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Is This Problem Worth Solving?

I’ve done a little bit of work lately on a utility that reads from log files that are generated over the course of a month. Probably about 98% of the time, users would only be interested in this month’s file and last month’s file. How should I handle this?

At different points in my career, I’d have answered this question differently. Early on, my answer would have been to ignore the sentence about “98% of the time” and just implement a solution wherein the user had to pick which file or files he wanted. For a lot of my career, I would have written the utility to read this month and last month’s files by default and to take an optional command line parameter to specify a different file to read (“sensible defaults”). These days, my inclination is more toward just writing it to read this month’s and last month’s file, shipping it, and seeing if anyone complains — seeing if that 2% is really 2% or if, maybe, it’s actually 0%.

Part of this evolution in me was the evolution of the software industry itself. When I started out doing a lot of C and C++ in the Linux/Unix worlds, gigantic documents and users’ manuals were the norm. If you were a programmer, it was your responsibility to write massive, sprawling APIs and if you used someone’s code, it was your responsibility to use those massive APIs and read those gigantic manuals. So, who cares what percentage of time a user might do what? You just write everything that could ever possibly happen into your code and then tell everyone to go read the manual.

Then things started to get a little more “agile” and YAGNI started to prevail. On top of that, the user became more of a first class citizen, so “let’s default to the most common path” became the attractive thing to do and “RTFM” went the way of the dodo. The iconic example would be a mid 2000’s Windows or web application that would give you a sensible experience and then offer a dizzying array of features in some “Advanced Settings” window.

The next step was born with the release of the iPhone when it started to become acceptable and then normal to write dead simple things that didn’t purport to do everything. Apple’s lead here was, “this is the app, this is what it does, take it or leave it.” The “advanced settings” window was replaced by “we’ll tell you what settings you want,” which requires no window.

This shifting environment over the last 15 years informed my perspective but wasn’t entirely responsible for it. I’d say what was responsible for the shift were two realizations. First, I realized, “a ‘business spec’ isn’t nearly as important as understanding your users, their goals, and how they will use what you give them.” It became important to understand that one particular use case was so dominant that making it a pleasant experience at the cost of making another experience less pleasant was clearly worthwhile. The second realization came years later, when I learned that your users do, frequently, want you to tell them how to use your stuff.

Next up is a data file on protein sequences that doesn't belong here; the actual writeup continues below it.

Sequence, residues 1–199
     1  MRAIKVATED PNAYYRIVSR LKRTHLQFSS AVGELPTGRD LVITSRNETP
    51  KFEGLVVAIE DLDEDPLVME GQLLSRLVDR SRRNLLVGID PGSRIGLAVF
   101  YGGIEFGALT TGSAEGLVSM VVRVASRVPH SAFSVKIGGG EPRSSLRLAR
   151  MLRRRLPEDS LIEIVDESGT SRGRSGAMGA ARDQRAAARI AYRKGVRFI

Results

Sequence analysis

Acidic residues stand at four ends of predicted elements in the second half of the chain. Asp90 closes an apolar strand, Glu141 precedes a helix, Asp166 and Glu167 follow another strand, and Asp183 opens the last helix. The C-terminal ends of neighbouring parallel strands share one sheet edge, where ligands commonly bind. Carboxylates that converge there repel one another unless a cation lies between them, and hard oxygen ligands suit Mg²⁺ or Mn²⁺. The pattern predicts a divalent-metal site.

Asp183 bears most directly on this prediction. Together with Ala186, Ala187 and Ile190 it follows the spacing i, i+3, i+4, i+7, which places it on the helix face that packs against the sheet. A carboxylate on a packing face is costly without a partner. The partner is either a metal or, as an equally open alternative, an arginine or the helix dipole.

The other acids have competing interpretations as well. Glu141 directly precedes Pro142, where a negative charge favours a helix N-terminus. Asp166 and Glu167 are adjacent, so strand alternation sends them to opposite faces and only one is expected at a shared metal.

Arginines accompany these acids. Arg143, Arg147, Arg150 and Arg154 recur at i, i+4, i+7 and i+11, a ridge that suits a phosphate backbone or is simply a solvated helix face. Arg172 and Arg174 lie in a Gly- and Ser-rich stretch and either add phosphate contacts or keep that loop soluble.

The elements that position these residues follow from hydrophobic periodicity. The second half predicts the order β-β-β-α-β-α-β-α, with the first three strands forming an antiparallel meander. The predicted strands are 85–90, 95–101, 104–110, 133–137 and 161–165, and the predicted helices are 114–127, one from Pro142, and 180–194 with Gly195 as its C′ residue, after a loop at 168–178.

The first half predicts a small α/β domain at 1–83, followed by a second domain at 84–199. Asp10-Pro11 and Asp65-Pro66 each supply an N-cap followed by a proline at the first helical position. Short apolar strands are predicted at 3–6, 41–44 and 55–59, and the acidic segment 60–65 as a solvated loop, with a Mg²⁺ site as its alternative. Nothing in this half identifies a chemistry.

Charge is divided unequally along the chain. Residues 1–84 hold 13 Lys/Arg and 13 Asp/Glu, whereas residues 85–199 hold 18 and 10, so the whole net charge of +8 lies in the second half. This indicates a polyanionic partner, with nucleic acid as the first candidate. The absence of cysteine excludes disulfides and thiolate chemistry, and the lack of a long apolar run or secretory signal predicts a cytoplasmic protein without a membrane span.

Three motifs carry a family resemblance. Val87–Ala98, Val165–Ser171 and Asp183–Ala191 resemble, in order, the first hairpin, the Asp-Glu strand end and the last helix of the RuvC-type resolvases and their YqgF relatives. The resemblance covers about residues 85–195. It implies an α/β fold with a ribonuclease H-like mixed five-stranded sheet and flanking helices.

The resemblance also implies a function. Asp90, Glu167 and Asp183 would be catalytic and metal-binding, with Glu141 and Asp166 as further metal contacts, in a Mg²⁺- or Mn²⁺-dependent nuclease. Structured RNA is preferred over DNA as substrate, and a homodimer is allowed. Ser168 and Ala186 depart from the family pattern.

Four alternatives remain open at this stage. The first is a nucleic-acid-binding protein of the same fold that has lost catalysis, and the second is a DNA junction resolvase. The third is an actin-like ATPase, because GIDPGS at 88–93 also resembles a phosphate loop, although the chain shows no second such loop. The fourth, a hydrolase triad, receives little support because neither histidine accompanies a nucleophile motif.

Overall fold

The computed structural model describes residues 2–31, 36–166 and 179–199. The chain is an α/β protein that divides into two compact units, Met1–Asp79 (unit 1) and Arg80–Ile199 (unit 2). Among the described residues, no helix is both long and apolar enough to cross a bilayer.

Some of this opinion arose from spending good bits of time in a consulting capacity, where pointing out problems and offering a handful of solutions typically results in, “well, you’re the expert — which one should I do?” You hear that enough and you start saying instead, “here’s a problem I’ve noticed and here’s how I’ve had success in the past fixing this problem.” It makes sense when you think about it. Imagine having someone out to fix your HVAC system and he offers you 4 possible solutions. You might ask a bit about cost/benefit and pros/cons, but what you’ll probably wind up saying is, “so…. what would you do and/or what should I do?”

TerrifiedOfFurnace

There’s an elegance to coding up what a user will do 98% of the time and just shipping that, crude as it sounds. As I mentioned, it will confirm whether your “98%” estimate was actually accurate. But, more importantly, you’ll get a solution for 98% of the problem to market pretty quickly, letting the customer realize the overwhelming majority of ROI right away. On top of that, you’ll also not spend a bunch of money chasing the 2% case up front before knowing for sure what the impact of not having it will be. And finally, you add the possibility for a money-saving work-around. If the utility always reads this month’s and last month’s files, and we need to read one from a year ago… rather than writing a bunch of code for that… why not just rename the file from a year ago and run it? That’ll cost your client 10 seconds per occurrence (and these occurrences are rare, remember) rather than hundreds or thousands of dollars in billable work as you handle all sorts of edge cases around date/time validation, command line args, etc.

I always wince a little when I offer anecdotes of the form, “when I was younger, I had position X but I’ve come to have position Y” because it introduces a subtle fallacy of “when you get wiser like me, you’ll see that you’re wrong and I’m right.” But in this case, the point wasn’t to discredit my old ways of thinking, per se, but rather to explain how past experiences have guided the change in my approach. I’ve actually stumbled a fair bit into this, rather than arrived here with a lot of careful deliberation. You see, there were a lot of times that I completely whiffed on considering the 2% case at all and just shipped, realizing to my horror only after the fact that I’d forgotten something. Bracing for getting reamed as soon as someone figured out that I’d overlooked the 2% case, I battened down the hatches and prepared to face the fire only to face… absolutely nothing. No one noticed or cared, and the time spent on the 2% would have been a total waste.

So next time you find yourself thinking about how to handle some bizarre edge case or unlikely scenario, pull back and ask yourself whether handling that is worth delaying the normal cases or not. Ask yourself if your user can live with a gap in the edge case or work-around it. And really, ask yourself what the ROI for implementation looks like. This last exercise, more so than learning any particular framework, language or library, is what distinguishes a problem solver from a code slinger.

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Matthew Whetton
Guest

I think this is very true and to some degree is very similar to the concept of a minimum viable product, albeit from a non-commercial point of view (which I think applies equally)